May 1, 2007

Job Interviews

by Terri Wagner

I'm a bit late today because I went on a job interview this morning. It's been 11 years. I was nervous. It's for a web-design company that is looking for a copywriter.

I got the impression from my interview--which involved three different people--that they are looking for people who are web marketing savvy who also happen to write. I'm afraid I fall short in that category. And the most telling was when they couldn't give me a salary range. I take it I'm making more than they want to offer.

The benefits were slightly better than what I have now. And the beat of the place seemed fast paced, exciting, lots of young people. They promote from within first. The kind of place I'd like to work.

Somehow I have the feeling it won't work out. Still, it made me feel excited about work. I guess after 11 years, you just get stuck on what you're doing and it gets easy and you lose that edge.

One reason I was excited about joining ANWA and meeting with Valerie, my lone partner out here in the Gulf Coast, is that it's something new and different. Writing fiction is so hard for me. My writing partner constantly chides me for writing too "technical." But when I'm thinking of where I want a scene to go, I tend to go right to the most important aspect and forget the stuff like scenery, description, feelings.

I'm glad I have this opportunity to work out a new way to write and do it among friends. Hmmm, maybe we could all start a writing/publishing company. Wouldn't that be fun?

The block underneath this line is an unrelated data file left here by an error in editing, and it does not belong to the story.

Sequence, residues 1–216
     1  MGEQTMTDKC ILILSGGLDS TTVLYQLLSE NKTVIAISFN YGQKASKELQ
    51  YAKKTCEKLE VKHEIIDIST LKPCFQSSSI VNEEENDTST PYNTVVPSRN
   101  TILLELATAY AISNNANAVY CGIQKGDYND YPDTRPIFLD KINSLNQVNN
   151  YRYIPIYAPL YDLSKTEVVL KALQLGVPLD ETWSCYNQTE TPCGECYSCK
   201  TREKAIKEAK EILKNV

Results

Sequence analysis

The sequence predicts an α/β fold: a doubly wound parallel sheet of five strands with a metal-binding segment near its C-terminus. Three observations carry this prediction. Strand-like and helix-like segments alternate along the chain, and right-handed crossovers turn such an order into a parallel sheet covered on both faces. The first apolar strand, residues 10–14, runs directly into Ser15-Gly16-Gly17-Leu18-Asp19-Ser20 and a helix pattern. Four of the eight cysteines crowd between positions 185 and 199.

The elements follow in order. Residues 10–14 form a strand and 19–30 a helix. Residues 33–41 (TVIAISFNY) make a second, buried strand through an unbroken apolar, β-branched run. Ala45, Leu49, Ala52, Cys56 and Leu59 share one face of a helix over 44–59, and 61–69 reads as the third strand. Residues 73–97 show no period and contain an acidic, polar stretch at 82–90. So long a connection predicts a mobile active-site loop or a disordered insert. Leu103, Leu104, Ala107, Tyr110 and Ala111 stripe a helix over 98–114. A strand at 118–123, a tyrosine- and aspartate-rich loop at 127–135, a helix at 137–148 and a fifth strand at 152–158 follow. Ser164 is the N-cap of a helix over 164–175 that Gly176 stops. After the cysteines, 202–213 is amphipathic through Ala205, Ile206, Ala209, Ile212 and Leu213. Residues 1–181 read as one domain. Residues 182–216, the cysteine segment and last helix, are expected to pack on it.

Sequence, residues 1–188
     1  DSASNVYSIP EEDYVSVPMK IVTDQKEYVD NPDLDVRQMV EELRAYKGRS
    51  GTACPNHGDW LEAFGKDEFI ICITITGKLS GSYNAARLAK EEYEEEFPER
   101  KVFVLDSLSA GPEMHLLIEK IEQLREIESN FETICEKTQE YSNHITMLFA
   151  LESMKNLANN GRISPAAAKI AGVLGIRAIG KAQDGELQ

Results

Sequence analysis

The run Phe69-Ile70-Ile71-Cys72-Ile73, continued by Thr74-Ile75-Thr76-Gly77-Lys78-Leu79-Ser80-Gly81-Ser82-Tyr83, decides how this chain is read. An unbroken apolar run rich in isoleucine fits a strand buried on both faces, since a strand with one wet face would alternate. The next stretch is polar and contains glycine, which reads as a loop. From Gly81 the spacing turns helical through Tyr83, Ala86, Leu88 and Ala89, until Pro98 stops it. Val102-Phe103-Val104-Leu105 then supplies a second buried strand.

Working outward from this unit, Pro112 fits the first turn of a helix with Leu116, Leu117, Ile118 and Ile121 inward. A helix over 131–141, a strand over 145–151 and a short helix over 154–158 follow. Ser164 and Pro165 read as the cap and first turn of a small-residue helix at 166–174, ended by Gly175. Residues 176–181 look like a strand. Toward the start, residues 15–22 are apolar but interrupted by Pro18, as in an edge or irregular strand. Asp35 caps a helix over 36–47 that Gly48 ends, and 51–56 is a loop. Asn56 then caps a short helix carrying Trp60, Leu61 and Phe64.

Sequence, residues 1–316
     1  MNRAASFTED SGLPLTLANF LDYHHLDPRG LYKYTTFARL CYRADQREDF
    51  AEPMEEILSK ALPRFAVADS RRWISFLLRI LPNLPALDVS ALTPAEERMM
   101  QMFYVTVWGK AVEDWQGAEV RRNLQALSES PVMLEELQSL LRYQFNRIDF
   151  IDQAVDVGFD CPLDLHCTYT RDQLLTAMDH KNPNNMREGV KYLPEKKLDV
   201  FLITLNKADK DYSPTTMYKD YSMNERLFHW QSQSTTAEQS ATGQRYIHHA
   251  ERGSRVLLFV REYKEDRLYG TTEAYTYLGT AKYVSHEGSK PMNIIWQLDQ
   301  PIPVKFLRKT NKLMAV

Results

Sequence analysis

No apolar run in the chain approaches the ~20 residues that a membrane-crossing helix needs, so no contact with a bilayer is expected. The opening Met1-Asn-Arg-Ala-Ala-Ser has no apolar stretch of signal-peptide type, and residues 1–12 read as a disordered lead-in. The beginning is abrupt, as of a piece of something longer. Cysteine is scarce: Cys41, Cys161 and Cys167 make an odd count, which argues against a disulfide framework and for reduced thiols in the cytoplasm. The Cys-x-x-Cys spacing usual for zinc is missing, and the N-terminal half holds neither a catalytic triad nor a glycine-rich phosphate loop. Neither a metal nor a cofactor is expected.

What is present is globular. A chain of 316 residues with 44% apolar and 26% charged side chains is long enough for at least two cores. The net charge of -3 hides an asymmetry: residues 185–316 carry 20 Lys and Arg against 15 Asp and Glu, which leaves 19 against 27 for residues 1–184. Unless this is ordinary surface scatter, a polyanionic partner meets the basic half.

1. Good for you, Terry, for going to that interview. If nothing else, it was a window into another environment, and you never know when you may want to use that experience in a piece of fiction.

    Good for you, too, for honing your craft. I think it's a lifelong experience, learning to write. But such a great experience, don't you think?

  2. Thanks, Terri, for the memories you invoked. It's exciting to get out of a truly comfortable zone and enter another, even for a little peek.
    At least thirty-five years I had my last job interview, and I still remember the anxiety. I'll probably never have another. One never knows, though.

    The out-of-comfort zone I need to attack concerns submitting stuff. I'm scared to write the cover letters. It's hard to sell myself, or my work. Besides, I'm probably much too complaisent and happy with the status quo.

    I am in awe of you fellow ANWA members who forge on ahead. Keep up the good example. Thanks, Terri. We love you.


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